Some other times, we are reminded by Sanja Ivekovic, violence can be “sweet”, such as that exercised against women through the systematic inoculation of gender stereotypes in consumer society. The video Instruction #1 (1976) shows the artist sullenly looking at the camera as she draws black lines on her face, performing the gestures she learnt when she was taught to put on her makeup. In this parody of sorts of an ad, her face becomes covered in lines of what appears to be war paint and which the artist herself ends up removing with her hands. Here the female body, in its vulnerability, turns into a way of opposing the notion, imposed by the patriarchy, that women should “be pretty”, turning the private into a political issue.
Francesca Woodman often uses her own body in her photographs, almost always shown in an elusive manner, like an ethereal moving entity, sometimes metamorphosed, camouflaged, and some other times confronted with its reflection in a mirror. The artist’s body is frequently depicted metonymically or accompanied by a plethora of fetishes. Her images make evident the duality of women as subjects, in her role as an artist, and of their bodies when looked at. In this visual trance the vulnerability of her self, as a body, is laid bare through a gaze that oscillates between narcissism, voyeurism or fetishism, but always as a body that, in Woodman’s view, is an agent that produces meanings.
Artist Iñaki Bonillas takes as a starting point the photographic archive of his grandfather, an exiled Republican, for his project titled A Storm of Secondary Things (2012). The project is made up of a mosaic of images, cropped and reframed to highlight secondary objects and events – appearing out of focus, out of place or unnoticed in the original image – that are suddenly moved to the foreground. By metaphorically colouring the images in secondary colours – purple, orange and green – the artist further reinforces the idea of focusing on that which seems irrelevant. The episodic and subjective narrative of the photographic sequence and the biased use of the family archive of incomplete bodies and faces allude to the fragility of memory, both biographical and historical, which Bonilla recovers in conceptual terms by dismantling the mechanisms of its own disappearance.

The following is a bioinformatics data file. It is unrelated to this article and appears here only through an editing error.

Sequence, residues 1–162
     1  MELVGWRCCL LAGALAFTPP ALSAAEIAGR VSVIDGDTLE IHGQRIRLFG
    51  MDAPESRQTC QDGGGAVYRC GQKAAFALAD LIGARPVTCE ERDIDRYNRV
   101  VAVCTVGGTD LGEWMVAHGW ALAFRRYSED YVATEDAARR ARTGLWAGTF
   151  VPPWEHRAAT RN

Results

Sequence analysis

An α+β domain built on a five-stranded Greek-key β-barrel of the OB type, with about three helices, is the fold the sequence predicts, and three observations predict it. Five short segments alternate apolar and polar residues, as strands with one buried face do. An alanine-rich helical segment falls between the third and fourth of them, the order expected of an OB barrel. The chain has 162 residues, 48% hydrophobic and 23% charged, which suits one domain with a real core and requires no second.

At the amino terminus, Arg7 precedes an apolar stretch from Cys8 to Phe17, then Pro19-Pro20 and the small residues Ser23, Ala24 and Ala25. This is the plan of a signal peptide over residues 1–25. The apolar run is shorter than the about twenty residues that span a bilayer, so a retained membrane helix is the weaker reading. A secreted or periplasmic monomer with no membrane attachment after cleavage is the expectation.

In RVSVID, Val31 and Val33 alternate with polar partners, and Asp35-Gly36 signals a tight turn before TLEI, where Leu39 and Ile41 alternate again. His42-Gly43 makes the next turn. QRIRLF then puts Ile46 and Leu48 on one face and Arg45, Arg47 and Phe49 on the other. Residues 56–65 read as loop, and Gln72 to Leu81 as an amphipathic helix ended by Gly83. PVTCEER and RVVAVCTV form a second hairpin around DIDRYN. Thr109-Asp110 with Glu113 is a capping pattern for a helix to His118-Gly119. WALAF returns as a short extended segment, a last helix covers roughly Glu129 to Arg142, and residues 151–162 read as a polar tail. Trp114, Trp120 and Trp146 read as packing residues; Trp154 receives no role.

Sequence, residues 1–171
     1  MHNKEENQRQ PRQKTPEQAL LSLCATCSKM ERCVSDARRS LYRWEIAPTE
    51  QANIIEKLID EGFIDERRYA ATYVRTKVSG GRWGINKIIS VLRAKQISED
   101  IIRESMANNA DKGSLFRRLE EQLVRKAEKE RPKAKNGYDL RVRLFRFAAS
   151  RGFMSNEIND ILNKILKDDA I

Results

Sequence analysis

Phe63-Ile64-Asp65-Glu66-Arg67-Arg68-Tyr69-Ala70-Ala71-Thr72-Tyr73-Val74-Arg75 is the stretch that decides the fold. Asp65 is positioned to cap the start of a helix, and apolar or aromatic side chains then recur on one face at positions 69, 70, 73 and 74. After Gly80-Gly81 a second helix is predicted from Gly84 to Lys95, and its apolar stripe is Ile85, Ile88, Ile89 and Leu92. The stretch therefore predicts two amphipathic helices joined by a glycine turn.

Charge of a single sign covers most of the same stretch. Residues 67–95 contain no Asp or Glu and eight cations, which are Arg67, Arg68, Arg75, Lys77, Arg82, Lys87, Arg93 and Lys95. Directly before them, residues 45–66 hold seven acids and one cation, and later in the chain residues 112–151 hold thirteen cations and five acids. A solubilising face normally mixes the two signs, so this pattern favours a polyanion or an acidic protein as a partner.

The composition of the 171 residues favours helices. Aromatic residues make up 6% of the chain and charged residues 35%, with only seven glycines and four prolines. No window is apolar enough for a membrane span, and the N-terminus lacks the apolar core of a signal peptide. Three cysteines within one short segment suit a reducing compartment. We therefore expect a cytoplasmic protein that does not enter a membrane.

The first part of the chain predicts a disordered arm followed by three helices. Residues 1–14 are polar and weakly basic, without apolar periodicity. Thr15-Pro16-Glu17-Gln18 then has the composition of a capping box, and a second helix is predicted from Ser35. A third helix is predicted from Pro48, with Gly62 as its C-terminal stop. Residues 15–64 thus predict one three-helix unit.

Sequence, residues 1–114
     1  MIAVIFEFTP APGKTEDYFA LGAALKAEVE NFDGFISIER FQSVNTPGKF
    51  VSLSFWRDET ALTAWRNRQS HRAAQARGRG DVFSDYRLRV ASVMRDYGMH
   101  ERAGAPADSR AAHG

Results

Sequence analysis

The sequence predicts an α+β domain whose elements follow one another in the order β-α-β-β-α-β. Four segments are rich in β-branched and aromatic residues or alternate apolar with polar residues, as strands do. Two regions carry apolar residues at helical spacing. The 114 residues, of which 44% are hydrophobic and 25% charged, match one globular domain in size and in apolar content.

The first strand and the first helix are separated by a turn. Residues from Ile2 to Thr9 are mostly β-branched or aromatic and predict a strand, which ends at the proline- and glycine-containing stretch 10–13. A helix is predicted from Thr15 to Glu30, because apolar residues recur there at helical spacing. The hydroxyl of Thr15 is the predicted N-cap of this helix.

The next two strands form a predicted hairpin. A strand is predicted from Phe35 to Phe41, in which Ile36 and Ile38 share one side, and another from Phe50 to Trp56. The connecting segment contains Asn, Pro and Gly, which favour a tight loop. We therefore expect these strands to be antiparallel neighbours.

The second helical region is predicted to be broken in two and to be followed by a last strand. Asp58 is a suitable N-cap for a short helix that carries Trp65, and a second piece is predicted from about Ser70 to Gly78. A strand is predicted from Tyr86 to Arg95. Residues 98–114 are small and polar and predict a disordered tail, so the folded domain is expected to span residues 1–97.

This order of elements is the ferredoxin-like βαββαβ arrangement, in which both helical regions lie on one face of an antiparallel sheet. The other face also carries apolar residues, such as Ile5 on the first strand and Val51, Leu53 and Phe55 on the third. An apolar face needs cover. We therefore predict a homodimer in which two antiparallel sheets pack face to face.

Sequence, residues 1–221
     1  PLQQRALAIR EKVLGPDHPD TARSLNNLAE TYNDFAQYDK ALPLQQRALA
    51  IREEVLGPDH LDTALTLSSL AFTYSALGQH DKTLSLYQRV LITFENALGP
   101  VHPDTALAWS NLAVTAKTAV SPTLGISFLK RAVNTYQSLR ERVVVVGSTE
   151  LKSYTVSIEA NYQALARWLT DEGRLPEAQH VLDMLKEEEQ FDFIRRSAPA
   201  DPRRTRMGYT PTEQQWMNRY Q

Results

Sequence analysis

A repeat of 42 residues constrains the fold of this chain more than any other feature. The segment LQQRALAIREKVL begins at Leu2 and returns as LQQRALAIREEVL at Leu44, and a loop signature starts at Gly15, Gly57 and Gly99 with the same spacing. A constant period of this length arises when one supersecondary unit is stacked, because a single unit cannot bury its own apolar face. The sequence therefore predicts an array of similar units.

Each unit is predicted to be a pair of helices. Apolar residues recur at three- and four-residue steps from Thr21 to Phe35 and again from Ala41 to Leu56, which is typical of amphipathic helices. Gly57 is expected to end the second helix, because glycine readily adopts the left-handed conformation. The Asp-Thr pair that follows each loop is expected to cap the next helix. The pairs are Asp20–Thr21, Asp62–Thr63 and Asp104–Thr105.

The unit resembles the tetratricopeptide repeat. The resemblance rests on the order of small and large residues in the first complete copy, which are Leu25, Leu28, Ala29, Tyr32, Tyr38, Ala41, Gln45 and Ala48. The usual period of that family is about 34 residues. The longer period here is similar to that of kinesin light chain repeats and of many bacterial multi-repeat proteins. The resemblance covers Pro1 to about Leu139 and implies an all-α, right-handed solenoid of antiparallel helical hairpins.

Finally, the photographs taken by José Guerrero, which are part of the Chinle (Dust storm), Arizona series (2011), examine the passage of time and the scars left by human action on the landscape. His images explore nearby or distant places, such as these pictures of Chinle in Arizona, USA, with an all-encompassing gaze that sees nature as an allegorical representation of history. Across arid and bare landscapes, Guerrero forces us to look at the moribund side of history, that which remains once the rainbow of utopias has vanished.